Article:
February 19, 2013


My second exhibition was a real emergence in terms of defining a specific aesthetic. It was an exhibition of large abstract paintings inspired by my readings in the history of the New York School, and how that generation continues to create a consensus for the motivation of young painters everywhere. 
Having been raised on Conceptualism, I knew that it might be considered a step backward in terms of the formal language and approach to the notion of abstraction, but here I was touching the very artistic passion for abstraction within my own generation, and it was compelling to say the least.     

This exhibition took shape over the course of eight months. I am not sure whose work specifically began the conception out of which it sprang, at least three or four artists contributed to my developing aesthetic. I cannot list them in any specific order. I would rather talk about how the art historical perspective I had aided me in recognizing the inherent value of work by contemporary abstract artists. I have since that time organized at least five other exhibitions about painterly abstraction and the cultural imprint it maintains.  
As far as my recollection stands, I can say that I met or heard about the majority of these painters from one another, and met them at various gallery receptions including those at Pierogi 2000, where I had visited upon the gallery's inaugural exhibition, which was for Robert Smithson, a Conceptual artist considered highly by my father and others of our shared milieu in the gallery world. Despite the Conceptual leanings of this specific exhibition, the gallery by and large represented the creative talents of the local Williamsburg community, which was heavily expressive of painterly and otherwise pictorial elements. The gallery's openings were special. Located only two blocks from the Bedford Avenue subway stop, they served Polish Vodka and Pierogis to visitors.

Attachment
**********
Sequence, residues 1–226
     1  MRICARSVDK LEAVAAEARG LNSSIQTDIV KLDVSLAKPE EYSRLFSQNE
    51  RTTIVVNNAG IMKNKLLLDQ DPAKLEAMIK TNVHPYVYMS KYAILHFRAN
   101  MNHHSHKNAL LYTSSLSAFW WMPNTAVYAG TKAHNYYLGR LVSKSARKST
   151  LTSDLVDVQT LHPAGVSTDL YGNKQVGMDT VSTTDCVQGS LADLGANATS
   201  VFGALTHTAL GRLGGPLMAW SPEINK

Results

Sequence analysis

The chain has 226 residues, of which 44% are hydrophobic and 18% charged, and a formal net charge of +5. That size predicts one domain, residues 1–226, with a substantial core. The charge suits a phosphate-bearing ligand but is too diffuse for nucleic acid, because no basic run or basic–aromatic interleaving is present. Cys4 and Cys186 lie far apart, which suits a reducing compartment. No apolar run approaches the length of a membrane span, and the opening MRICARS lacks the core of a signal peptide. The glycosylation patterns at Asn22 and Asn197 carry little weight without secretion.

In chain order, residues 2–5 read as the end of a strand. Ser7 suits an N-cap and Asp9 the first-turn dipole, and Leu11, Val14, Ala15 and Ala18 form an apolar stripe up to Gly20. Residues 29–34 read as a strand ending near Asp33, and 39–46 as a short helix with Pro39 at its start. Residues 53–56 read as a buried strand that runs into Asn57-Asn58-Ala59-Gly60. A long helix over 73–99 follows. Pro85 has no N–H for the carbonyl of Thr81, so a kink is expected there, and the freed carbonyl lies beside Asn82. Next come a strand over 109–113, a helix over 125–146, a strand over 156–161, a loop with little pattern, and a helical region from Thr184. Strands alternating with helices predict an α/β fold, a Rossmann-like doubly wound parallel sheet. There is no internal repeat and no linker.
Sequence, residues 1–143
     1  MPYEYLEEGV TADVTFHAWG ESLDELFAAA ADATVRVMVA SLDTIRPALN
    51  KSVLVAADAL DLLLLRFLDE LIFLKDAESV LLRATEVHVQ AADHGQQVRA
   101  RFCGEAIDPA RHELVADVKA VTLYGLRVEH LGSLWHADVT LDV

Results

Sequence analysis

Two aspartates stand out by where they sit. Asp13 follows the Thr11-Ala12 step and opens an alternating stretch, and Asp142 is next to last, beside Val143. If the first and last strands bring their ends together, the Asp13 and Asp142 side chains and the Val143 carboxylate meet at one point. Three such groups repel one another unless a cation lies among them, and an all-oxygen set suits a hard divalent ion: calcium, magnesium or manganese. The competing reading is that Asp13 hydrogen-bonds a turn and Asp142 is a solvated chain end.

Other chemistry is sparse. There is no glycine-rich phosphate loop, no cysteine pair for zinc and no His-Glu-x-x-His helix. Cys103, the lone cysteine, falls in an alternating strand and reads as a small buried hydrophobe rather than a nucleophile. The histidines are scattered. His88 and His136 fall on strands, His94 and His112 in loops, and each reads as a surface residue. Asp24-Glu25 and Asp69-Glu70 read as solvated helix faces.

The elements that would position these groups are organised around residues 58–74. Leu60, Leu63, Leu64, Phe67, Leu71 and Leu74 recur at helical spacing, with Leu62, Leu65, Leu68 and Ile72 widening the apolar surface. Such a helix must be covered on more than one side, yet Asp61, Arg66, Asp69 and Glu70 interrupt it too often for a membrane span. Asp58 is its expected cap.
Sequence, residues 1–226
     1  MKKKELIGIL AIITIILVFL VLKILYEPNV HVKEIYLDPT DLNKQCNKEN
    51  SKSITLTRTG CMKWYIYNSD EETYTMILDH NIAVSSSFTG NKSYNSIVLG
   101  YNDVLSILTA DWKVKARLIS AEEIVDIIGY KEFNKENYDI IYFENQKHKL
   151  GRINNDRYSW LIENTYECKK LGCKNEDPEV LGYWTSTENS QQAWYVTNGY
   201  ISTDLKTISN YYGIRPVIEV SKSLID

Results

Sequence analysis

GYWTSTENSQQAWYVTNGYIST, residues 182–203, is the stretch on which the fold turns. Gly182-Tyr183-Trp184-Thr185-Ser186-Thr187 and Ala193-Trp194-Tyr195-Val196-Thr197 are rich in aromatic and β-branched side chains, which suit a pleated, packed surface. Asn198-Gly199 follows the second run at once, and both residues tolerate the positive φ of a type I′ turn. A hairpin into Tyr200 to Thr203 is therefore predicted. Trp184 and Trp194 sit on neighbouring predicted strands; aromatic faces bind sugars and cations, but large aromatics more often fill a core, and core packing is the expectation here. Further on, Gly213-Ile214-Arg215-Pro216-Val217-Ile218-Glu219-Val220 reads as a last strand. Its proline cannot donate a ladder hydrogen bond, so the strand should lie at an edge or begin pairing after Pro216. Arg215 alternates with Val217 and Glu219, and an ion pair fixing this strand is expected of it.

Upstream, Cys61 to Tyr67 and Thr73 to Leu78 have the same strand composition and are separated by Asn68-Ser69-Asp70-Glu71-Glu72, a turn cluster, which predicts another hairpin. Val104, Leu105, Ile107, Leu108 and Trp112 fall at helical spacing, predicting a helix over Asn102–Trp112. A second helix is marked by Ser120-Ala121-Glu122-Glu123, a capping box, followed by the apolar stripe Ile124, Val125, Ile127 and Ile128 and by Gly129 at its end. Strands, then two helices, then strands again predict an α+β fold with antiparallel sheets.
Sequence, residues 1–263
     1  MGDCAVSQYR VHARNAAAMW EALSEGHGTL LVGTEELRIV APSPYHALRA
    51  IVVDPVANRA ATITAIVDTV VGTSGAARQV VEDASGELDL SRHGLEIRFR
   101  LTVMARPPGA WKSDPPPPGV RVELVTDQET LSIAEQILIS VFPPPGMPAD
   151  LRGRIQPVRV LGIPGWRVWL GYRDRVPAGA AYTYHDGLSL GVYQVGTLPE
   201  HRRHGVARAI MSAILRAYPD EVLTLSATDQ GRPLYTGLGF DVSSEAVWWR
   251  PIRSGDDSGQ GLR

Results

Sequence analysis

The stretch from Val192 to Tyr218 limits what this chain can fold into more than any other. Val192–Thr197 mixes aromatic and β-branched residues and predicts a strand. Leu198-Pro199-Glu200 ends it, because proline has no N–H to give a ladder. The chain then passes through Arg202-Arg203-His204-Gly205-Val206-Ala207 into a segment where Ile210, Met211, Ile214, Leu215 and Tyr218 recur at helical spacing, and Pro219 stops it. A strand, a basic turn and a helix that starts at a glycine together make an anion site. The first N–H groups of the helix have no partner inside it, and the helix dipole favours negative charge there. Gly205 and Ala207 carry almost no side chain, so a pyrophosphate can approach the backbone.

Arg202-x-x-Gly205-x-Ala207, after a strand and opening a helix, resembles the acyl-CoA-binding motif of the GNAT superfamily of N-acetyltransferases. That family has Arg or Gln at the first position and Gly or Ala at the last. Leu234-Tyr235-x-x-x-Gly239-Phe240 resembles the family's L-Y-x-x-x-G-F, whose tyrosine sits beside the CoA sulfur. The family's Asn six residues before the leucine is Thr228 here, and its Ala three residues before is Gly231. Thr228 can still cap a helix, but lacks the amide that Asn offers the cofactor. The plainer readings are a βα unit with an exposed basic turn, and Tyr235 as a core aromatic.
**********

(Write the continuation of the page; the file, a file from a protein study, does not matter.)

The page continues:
Karen Arm was one of those I met here. When I visited her Tribeca studio, I was confronted by a series of large abstract paintings that alternated between scenes of the galaxy and depictions of smoke rising and intertwining. An exploration into the expression of mystery had led her to depict the breadth and structure of the cosmos and alternately the most effervescent of elemental exchanges.